CASE 16251 Published on 05.12.2018

A case report on indirect visualisation of subacute superior gluteal nerve entrapment due an unidentified cause.


Musculoskeletal system

Case Type

Clinical Cases


Aneeq Ahmed, Jim Crotty

University Hospital Limerick ; Dooradoyle V94 F858 Limerick , Ireland;

47 years, female

Area of Interest Musculoskeletal system, Neuroradiology brain ; Imaging Technique MR
Clinical History
A 47-year-old female presented with a 3 month history of non-specific, progressively worsening, sharp buttock pain which was exacerbated by exercise and relieved by rest. On clinical examination there was weakness in abduction of the hip on the right side. No obvious cause was identified.
Imaging Findings
MRI was used to confirm the diagnosis of right superior gluteal nerve impingement in this case. Coronal and sagittal images from T1 weighted and STIR sequences are displayed highlighting subacute superior gluteal nerve impingement. Using MRI, it was not possible to directly visualise the nerve entrapment. However, the nerve impingement was indirectly visualised as hyper-intensity of right tensor fasciae latae, gluteus medius and gluteus minimus muscles on STIR sequences (Fig 1, Fig 2 and Fig 3). On T1 weighted images there was mild increase in signal intensity in right tensor fasciae latae, gluteus medius and gluteus minimus, indicating fatty changes (Fig 4, Fig 5 and Fig 6).
The superior gluteal nerve (SGN) is formed by the posterior roots of L4, L5, and S1 [1]. It exits the pelvis between the upper surface of the piriformis muscle and osseous border of the greater sciatic foramen; entering the deep gluteal space [1]. As the SGN supplies motor branches to the gluteus medius and minimus, nerve injury usually manifests as weakness in abduction of the hip and a Trendelenburg gait [1]. It doesn’t have any sensory branches [2].

Injury to the SGN is common during the direct lateral approach to the hip during arthroplasty [3, 4, 5], due to local buttock trauma, pelvic fracture, and after buttock injections [6, 7]. It may also occur due to compression by anterior-superior tendinous fibers of the piriformis muscle [8] or by prominent osteophytes, bony excrescences related to fractures, and infectious and inflammatory processes, as it exits the pelvis [9].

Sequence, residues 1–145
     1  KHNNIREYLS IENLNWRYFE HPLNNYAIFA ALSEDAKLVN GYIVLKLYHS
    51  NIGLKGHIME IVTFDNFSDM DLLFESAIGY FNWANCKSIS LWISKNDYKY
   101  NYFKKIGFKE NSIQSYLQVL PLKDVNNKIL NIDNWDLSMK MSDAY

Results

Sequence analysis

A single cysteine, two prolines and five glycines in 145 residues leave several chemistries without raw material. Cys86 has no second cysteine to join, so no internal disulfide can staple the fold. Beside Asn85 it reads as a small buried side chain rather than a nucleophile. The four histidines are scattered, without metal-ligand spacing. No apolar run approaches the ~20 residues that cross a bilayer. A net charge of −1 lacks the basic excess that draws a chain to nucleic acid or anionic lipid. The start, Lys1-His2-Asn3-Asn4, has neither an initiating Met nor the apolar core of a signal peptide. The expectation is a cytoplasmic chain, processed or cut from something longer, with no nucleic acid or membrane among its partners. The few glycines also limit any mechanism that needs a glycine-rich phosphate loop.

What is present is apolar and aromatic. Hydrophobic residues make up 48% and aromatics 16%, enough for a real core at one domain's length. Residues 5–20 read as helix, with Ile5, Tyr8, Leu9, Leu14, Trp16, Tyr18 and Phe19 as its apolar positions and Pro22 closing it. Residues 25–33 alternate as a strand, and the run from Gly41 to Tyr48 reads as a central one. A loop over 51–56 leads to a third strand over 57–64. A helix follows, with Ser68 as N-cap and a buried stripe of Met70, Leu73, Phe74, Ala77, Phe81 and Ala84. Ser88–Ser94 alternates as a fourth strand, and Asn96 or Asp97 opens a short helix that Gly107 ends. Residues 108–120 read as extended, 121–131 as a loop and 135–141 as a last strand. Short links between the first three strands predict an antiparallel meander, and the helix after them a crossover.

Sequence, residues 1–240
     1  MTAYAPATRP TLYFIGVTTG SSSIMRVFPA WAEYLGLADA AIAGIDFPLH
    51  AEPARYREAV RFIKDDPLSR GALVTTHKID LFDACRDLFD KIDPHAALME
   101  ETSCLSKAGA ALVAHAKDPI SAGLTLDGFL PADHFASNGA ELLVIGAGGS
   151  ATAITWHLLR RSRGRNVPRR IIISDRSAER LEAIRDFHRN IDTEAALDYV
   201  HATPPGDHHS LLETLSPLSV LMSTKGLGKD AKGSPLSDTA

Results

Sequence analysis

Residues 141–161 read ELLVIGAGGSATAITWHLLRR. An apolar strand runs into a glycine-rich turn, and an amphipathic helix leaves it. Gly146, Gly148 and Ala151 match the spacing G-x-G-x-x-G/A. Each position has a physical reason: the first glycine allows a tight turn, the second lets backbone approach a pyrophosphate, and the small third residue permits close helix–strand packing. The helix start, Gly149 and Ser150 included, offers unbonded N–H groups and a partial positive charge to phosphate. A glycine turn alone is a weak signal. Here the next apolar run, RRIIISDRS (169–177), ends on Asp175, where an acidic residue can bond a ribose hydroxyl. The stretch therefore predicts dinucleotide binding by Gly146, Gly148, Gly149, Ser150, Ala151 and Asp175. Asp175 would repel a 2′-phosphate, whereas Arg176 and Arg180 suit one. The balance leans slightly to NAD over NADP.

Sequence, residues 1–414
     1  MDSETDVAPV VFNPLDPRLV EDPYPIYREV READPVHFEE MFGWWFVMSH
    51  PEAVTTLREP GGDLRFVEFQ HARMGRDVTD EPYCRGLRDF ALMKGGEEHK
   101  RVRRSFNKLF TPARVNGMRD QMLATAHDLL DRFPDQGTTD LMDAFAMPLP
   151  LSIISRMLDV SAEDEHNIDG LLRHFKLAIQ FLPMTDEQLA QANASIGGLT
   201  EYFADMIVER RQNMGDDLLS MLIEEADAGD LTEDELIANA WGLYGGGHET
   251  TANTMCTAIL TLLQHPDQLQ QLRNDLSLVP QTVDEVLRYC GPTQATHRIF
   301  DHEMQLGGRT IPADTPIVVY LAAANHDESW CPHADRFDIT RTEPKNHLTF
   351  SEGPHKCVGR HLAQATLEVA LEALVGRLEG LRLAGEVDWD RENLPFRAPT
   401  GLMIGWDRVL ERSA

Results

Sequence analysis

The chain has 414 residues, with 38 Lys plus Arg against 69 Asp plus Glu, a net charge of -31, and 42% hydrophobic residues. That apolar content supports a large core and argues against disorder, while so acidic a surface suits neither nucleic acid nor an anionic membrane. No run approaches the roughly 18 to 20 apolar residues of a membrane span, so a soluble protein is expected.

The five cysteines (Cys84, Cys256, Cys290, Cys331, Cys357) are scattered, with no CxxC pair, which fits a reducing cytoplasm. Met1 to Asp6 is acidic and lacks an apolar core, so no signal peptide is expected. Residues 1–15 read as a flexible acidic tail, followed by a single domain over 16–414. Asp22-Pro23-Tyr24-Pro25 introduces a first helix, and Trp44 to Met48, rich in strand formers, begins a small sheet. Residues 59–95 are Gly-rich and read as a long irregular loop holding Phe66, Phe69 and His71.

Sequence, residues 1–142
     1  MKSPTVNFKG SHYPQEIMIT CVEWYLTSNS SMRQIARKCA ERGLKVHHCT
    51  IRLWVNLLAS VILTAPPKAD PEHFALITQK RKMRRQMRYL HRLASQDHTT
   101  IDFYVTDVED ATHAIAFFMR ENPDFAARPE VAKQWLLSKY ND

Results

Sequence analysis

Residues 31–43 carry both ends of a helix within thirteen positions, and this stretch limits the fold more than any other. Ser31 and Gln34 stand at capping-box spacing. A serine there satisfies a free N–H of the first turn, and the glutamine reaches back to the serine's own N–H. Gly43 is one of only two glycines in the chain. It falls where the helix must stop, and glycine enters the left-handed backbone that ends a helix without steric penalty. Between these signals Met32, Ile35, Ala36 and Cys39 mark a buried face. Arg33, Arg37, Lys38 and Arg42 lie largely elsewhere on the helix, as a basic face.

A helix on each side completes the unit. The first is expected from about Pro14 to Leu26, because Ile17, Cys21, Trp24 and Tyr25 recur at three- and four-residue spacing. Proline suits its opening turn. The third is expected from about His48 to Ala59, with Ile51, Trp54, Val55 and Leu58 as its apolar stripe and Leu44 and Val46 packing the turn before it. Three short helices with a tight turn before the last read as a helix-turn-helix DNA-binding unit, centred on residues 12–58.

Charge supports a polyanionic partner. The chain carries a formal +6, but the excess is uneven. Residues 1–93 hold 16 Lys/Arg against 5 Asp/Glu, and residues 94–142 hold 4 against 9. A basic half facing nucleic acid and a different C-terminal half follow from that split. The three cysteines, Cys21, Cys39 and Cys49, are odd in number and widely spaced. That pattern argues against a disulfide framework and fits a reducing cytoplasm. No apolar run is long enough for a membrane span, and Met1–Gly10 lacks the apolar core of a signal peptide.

MRI is the imaging modality of choice with regards to the presence, extent of and site of nerve injury, and differentiating between surgically treatable and untreatable causes [1, 10]. The degree and duration of injury determines the extent of neural recovery [9].

The SGN can be seen on coronal and sagittal images as it exits the pelvis, along the bony brim, in the suprapiriformis foramen [1, 9], and on axial images as it travels laterally through the fat plane between the gluteus minimus and medius muscles [1]. On T1-weighted MR images, nerves have intermediate signal intensity, while being isointense or mildly hyperintense to muscle on T2-weighted and short inversion time inversion-recovery (STIR) [9] primarily due to normal endoneural fluid [11].

Motor neuropathy in gluteus medius and minimus can used to indirectly visualise SGN impingement [12]. In acute and subacute presentation, this will appear as high-intensity for denervated muscles on T2-weighted and STIR images, while appear as normal intensity on T1 weighted images [13]. The normal architecture and size of the muscle are still preserved, with no abnormalities of subjacent fascia. As the denervation progresses, intensity of the muscle on T1-weighted image will increase [9]. In chronically denervated muscles, atrophy and fatty replacement[14], manifests as non-specific increase in signal intensity on both T1 and fluid sensitive images, indicating irreversibility [9].

Teaching point:
SGN entrapment is a cause of hip pain which may be easily missed. Knowledge of nerve pathway and distributions are necessary to correctly visualise, directly or indirectly, SGN entrapment.

Written informed patient consent for publication has been obtained.
Differential Diagnosis List
Subacute superior gluteal nerve entrapment
Local buttock trauma
Compression by anterior-superior tendinous fibers of the piriformis muscle
Compression due to osteophytes
Damage due to infectious or inflammatory processes
Final Diagnosis
Subacute superior gluteal nerve entrapment
Case information
DOI: 10.1594/EURORAD/CASE.16251
ISSN: 1563-4086